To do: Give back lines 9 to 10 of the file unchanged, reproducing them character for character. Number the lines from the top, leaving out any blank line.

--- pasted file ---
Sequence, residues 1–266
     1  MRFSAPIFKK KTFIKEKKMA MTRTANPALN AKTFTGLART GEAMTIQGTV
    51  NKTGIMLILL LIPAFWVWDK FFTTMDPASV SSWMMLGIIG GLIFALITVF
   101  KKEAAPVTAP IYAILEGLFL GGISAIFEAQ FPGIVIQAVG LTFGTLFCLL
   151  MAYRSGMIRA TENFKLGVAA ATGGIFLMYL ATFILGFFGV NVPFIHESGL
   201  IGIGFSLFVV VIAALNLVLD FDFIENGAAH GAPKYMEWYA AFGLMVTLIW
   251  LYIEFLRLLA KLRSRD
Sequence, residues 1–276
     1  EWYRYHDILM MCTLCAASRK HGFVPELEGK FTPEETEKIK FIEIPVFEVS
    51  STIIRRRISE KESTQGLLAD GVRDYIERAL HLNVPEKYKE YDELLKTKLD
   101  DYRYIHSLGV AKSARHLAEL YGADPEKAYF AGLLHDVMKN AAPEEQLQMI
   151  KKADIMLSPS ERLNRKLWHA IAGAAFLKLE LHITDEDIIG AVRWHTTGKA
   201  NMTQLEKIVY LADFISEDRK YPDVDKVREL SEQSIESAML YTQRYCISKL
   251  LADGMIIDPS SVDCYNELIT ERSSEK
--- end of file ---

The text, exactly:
     1  EWYRYHDILM MCTLCAASRK HGFVPELEGK FTPEETEKIK FIEIPVFEVS
    51  STIIRRRISE KESTQGLLAD GVRDYIERAL HLNVPEKYKE YDELLKTKLD